pronounce

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English[edit]

Etymology[edit]

Recorded since c.1330, "to utter, declare officially", from Old French pronuncier, from Latin prōnūntiō, itself from prō- (forth, out, in public) + nūntiō (I announce) from nūntius (messenger).

Pronunciation[edit]

Verb[edit]

pronounce (third-person singular simple present pronounces, present participle pronouncing, simple past and past participle pronounced)

  1. (transitive) To formally declare, officially or ceremoniously.
    • 1918, W. B. Maxwell, chapter 5, The Mirror and the Lamp:
      Then everybody once more knelt, and soon the blessing was pronounced. The choir and the clergy trooped out slowly, […], down the nave to the western door. […] At a seemingly immense distance the surpliced group stopped to say the last prayer.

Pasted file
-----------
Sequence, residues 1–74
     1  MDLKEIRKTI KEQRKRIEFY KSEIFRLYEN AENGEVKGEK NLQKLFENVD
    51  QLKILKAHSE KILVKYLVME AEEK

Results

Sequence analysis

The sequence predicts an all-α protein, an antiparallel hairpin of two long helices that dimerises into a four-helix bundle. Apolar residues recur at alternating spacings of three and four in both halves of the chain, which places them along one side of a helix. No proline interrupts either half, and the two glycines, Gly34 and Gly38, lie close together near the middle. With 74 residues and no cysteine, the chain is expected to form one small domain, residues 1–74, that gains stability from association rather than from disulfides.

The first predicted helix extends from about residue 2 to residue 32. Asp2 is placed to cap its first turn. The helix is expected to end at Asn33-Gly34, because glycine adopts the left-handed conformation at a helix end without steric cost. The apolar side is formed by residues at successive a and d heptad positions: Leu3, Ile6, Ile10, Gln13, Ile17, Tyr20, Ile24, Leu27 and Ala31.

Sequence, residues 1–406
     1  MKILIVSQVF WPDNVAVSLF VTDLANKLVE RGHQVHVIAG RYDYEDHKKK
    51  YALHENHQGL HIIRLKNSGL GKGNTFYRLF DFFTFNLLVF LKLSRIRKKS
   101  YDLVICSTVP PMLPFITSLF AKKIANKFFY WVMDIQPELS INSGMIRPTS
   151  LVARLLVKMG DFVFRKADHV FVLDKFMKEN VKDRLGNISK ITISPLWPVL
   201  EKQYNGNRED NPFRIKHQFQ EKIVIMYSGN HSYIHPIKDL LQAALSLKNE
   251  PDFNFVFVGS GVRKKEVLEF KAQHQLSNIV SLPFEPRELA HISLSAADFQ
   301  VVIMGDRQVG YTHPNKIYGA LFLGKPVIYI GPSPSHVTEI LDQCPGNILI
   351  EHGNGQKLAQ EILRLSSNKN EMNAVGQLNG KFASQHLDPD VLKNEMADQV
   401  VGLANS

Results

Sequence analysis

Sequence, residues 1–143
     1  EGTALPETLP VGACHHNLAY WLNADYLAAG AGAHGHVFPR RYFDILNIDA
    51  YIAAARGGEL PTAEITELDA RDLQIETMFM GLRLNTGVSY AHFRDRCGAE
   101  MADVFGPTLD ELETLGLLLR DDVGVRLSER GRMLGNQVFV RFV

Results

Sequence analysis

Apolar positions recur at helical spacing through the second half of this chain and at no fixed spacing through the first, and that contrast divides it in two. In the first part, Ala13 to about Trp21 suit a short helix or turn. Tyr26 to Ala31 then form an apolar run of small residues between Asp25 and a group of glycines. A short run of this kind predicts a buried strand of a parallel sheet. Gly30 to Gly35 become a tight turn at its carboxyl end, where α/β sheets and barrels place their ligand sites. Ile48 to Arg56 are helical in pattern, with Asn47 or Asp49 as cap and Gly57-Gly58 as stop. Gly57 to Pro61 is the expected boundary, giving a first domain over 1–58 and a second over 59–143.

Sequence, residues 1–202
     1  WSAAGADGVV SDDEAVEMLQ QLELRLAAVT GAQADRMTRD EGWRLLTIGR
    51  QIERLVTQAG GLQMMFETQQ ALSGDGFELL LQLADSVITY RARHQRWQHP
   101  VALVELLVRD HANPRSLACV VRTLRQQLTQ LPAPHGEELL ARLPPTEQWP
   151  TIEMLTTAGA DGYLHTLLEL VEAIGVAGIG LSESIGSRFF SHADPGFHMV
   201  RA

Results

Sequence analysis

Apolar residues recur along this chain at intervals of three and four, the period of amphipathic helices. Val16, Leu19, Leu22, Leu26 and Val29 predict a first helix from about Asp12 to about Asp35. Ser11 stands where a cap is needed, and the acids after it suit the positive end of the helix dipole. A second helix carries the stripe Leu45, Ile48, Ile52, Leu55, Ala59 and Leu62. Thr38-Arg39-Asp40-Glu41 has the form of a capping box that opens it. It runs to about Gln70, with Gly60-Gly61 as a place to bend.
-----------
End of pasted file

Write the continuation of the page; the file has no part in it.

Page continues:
I hereby pronounce you man and wife.
  2. (intransitive) To pass judgment.
    The judge pronounced often before, but never so widely press-attended.
  3. (transitive) To sound out (a word or phrase); to articulate.
    • 1869, Mark Twain, The Innocents Abroad, page 182:
      They spell it "Vinci" and pronounce it "Vinchy". Foreigners always spell better than they pronounce.
  4. (intransitive) To produce the components of speech.
    Actors must be able to pronounce perfectly or deliberately disabled.
  5. (transitive) To declare authoritatively, or as a formal expert opinion.
    The doctor pronounced them legally dead.
  6. (transitive) To read aloud.

Derived terms[edit]

Related terms[edit]

Translations[edit]

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